Now we should not come across any errors. If there are any, simply Google the error message, it will provide the solution almost instantaneously. The configure process is complete now.
Now we build the project using the make command
Once this is complete, the binary file is created in the ‘src’ directory.
$ cd src
This is the directory where all the C source files and the header files are present. All the changes we wish to make must be made here. We shall leave it as it is for time being.
This is the program that we have built from the source. This command launches the GNUSim8085 program.
If you think you can make this program better, then go ahead with your idea, implement it and submit it.
If you are not sure of what to do exactly: The program we are currently running is not 100 % bug free. There are errors! The list of all the bugs is submitted in the project webpage.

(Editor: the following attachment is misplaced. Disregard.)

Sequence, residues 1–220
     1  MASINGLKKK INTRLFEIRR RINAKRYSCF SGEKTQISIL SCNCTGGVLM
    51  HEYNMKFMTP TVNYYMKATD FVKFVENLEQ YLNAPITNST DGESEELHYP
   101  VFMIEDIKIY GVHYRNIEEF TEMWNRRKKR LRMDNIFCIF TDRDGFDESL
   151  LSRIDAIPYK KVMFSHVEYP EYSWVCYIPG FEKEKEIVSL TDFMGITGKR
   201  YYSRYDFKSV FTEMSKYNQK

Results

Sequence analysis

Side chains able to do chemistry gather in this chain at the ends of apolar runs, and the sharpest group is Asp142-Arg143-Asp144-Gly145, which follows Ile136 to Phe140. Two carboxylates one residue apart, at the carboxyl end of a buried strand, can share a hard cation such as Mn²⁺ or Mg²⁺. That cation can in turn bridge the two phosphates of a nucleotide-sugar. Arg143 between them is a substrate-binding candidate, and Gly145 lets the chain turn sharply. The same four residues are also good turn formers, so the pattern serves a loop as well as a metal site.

Here we can select either bugs or feature requests, make modifications in the code to fix the bug or provide the needed feature.
Once we have made the necessary changes to the code, the source must be re compiled.
$ cd ..
Moving to the parent directory
This command carefully compiles the files that were changed since the previous build.
$ cd src
The program that executes now is the one with our modifications.
The code I have written works absolutely fine. How do I submit it to the project maintainers? To do that, we need to create something called a patch. Patch is nothing but a 'diff' file (‘diff’ is a Unix command which gives us the difference between two text files). This diff file is uploaded to the sourceforge.net website where we came across the bug or the feature request.
Generating the patch
$ svn diff > Gnusim8085_bugno.patch
Attaching the bug number is a good practice since it can be used to keep track of patches.
This is how one can start contributing to the Free and Open source Software world.
PS : This article was written for the college magazine.